Keir Radnedge, February 2003
This article was generously provided to ClubFootball by the British Council, which operates in China as the Cultural and Education Section of the British Embassy.
Fans are getting smarter, and blame for poor performances is shifting from the players and manager to club directors.
Every chairman of every board of directors in football should have felt a shiver run down his or her spine after around an hour of Leeds United’s FA Cup replay defeat of Gillingham.
Leeds were then two goals to the good, the takings had been safely consigned to the security boxes and television contribution was already a matter of the day's accountancy. But from out in the stands at Elland Road rose a chorus which signalled a new dawn in the relationship between fans and their club.
"Back the team, sack the board," came the chant, confirming that the honeymoon for the new breed of football businessman was over. Knowing how to run a large corporation, and keep the City happy no longer blinds the fans to football reality.
Today's British fan is no longer content to push through the turnstile and hand over their hard-earned money. They want to be involved in how that money is spent, how it is managed.
Leeds' supporters, depressed at losing star players from Elland Road, recognised where responsibility lay. Not with manager Terry Venables but with Chairman Peter Ridsdale and his fellow directors who had gambled on Champions League consistency and lost.
Ten years ago Venables would have been blamed by the terrace choirs. Now the manager is just another employee, dependent on Moses handing down the boardroom commandments.
The temptation remains for an embattled chairman to buy himself time by sacking the manager: Joan Gaspart has done just that at Barcelona by dismissing Louis Van Gaal. But Gaspart may have bought himself only a few weeks' breathing space.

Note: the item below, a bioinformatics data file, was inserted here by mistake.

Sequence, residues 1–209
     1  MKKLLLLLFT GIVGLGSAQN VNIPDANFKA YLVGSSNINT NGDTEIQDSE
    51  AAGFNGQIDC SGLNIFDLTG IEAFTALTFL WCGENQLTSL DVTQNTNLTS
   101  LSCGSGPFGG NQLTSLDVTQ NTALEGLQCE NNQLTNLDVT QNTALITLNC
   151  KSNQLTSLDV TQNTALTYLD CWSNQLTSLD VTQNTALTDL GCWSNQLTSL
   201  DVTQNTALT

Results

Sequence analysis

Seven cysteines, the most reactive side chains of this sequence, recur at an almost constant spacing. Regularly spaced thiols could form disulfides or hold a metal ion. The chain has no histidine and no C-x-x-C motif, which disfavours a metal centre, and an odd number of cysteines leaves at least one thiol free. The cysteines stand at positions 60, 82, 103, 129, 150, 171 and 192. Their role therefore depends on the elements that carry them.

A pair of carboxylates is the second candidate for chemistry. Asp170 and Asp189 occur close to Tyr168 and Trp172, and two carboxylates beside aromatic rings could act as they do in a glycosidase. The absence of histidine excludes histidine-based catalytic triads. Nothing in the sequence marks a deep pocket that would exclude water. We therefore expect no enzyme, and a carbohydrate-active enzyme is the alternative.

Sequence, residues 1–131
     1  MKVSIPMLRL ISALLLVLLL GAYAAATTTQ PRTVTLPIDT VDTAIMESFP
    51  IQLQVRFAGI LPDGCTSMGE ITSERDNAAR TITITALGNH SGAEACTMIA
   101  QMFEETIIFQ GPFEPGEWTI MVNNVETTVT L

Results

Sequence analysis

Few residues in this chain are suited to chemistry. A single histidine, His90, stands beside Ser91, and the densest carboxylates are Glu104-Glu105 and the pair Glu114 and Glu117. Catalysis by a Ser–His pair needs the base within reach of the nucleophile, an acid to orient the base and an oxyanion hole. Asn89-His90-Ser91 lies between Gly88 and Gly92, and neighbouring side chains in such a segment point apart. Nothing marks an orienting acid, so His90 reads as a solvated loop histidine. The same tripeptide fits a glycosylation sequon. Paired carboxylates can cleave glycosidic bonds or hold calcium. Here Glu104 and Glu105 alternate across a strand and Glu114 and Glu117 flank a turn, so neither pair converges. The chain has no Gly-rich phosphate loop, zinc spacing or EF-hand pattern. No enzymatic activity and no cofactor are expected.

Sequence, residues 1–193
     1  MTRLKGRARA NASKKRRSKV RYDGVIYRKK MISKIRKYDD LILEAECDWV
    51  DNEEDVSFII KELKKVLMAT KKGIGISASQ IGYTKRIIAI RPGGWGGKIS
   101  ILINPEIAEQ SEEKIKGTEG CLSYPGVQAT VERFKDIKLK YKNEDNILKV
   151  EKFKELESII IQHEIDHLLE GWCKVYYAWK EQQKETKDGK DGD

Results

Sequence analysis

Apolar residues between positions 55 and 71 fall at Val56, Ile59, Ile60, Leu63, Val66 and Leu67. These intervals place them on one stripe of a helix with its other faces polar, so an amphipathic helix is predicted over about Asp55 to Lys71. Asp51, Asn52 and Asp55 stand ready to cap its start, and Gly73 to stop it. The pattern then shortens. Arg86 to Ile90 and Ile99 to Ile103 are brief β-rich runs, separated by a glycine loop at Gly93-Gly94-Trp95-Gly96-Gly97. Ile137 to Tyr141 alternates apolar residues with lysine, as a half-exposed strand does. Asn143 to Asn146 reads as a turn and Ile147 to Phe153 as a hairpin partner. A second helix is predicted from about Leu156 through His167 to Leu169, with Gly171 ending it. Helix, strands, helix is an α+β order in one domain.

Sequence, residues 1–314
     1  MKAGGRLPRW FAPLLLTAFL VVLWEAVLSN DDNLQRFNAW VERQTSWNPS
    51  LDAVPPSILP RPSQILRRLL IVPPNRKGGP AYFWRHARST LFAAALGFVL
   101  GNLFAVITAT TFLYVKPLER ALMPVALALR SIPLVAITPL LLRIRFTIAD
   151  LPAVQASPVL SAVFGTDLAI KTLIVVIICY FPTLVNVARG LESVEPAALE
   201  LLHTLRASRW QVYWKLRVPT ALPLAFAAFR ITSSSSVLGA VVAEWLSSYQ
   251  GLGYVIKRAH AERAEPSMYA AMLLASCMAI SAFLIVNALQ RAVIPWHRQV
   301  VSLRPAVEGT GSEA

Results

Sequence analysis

The fans are on to him - and chairmen the world over.
A tale used to be told of how Sir Alan Sugar marvelled at Tottenham Hotspur's fans in his early days as club owner and chairman. Sugar's experience in the home computer industry had taught him that if the product were questionable then sales and the company would crash. Yet Spurs fans would pack White Hart Lane to capacity, week in week out, whatever the quality of the team - or lack of it.
But that was then. Seats have replaced terraces and the higher prices have drawn a more demanding breed of thinking fan.
The media has played its part. Newspapers, magazines, television, radio and Internet newsletters pore over the finances and politics of football. The match is almost the week's least important event, rather than its focus.
Fans are now striving to put the soul back in the game.
Supporters trusts have sprung up at clubs all over the country, all over the Premier and Football Leagues. Not always successfully. Club boards have varied from welcoming to downright hostile; many official supporters' clubs have viewed the new trusts with suspicion as rivals.
A different concept has driven a number of fans' co-operatives, forced to act to save their clubs. Lincoln City, for example, became the first community-owned club in the Football League in 2001 when control was assumed by a co-operative. But even that is no guarantee of success on and off the pitch.
Inevitably, the fan revolution has been gathering pace out of the Premier League limelight. But that does not prevent the fans understanding the issues of how and why money may be wasted and who is to blame.
Ridsdale and counterparts such as West Ham owner Terry Brown are in the firing line right now. The battle has been a long time coming.
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Published on: 2005-09-24 (2883 reads)[ Go Back ]